He said, 'You're not alone': of course I read it as, 'You'll never be alone again.' A very small justification, I know. But what else was going to happen? You might as well take a small sodden stray kitten in out of the rain, feed and house it for a while, then politely eject it when it ceases to amuse.
I'd never expected to have affection again from a living being. My mother stolen, and rejection from Magda, and my child gone: three times and you take the hint. I thought I was fine, that I functioned admirably without it: until it was demonstrated to me that it wasn't so.
Really, when people make these choices, and then put all the blame on you... If anyone could have foreseen the consequences, my responses, it should surely have been him. On the beach the choice was his too. Our paths split, and that wasn't by my will. And now when one of the kids crosses my path, there's always some nasty comment about abandonment, about blood and bullets and ungrateful bastards who leave other people to die, people who saved their fucking lives and took them in and cared for them... When it devolves into ranting and they get a little red in the face, is when I make my excuses and leave. There's only so much I feel socially obliged to overlook.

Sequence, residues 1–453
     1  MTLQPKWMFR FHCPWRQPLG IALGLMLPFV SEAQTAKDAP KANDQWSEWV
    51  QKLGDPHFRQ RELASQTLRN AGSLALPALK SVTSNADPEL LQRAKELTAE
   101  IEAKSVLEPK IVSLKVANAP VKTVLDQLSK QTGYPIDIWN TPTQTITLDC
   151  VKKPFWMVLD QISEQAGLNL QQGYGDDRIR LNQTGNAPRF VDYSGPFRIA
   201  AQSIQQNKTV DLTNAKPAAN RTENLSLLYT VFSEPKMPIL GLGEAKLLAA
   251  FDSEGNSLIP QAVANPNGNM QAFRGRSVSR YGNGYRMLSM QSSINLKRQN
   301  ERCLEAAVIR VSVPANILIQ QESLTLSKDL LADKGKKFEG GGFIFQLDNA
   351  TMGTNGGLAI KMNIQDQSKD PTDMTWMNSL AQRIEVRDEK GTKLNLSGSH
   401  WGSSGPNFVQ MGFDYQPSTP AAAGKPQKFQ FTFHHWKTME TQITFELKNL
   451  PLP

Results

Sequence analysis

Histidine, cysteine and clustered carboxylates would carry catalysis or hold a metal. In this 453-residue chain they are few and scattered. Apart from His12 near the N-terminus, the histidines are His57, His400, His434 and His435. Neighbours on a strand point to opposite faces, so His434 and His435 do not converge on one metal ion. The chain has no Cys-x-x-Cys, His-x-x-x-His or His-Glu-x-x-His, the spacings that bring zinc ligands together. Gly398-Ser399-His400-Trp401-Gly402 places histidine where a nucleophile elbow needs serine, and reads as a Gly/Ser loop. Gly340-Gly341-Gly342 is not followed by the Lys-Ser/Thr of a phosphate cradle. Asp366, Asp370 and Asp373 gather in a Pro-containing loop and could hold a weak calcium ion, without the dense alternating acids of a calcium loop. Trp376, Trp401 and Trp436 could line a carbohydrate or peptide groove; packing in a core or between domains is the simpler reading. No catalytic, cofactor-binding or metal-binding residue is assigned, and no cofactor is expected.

Of course, sometimes they cross my path while we're trying to kill each other, or at least grab each other's target, so there isn't quite time for all that. I almost miss these little social niceties we've established.
People ask me – they will ask me, and they should know better if they don't like the responses – if I'd have got out of there so fast if I'd known he'd never walk again. Probably not, and more fool me, soft and vulnerable in parts I'd thought adequately armoured. They got medical attention quick enough, it would have made no difference. I thought we'd be lucky. I wasn't so young, not even then, but you can tell how young I still was, that I expected to be lucky.
I was. He wasn't.
I was old enough to have absorbed the lesson he taught me, though. That maybe you can make it alone, but the alone makes it hardly worth making. So I took the semi-sister he gifted me. (What a bastard, eh?) She was as much mine as she ever was his: a borrowed sibling bought with cupboard love, and he'd forgotten that long since. If anger fed into it, and there was some satisfaction in purloining something he cherished, well, toughen up princess. If I was angry enough to leave, leave him in the first place, I was angry enough to take her.
People don't like being rejected: they can have quite unpleasant reactions, there are consequences. After decades of uninvited peeking into people's thoughts, this was news to him?
She's not quite Charles: and we're not quite happy, and probably never will be again.
But we're not alone, and in spite of everything that's lost, nor is he.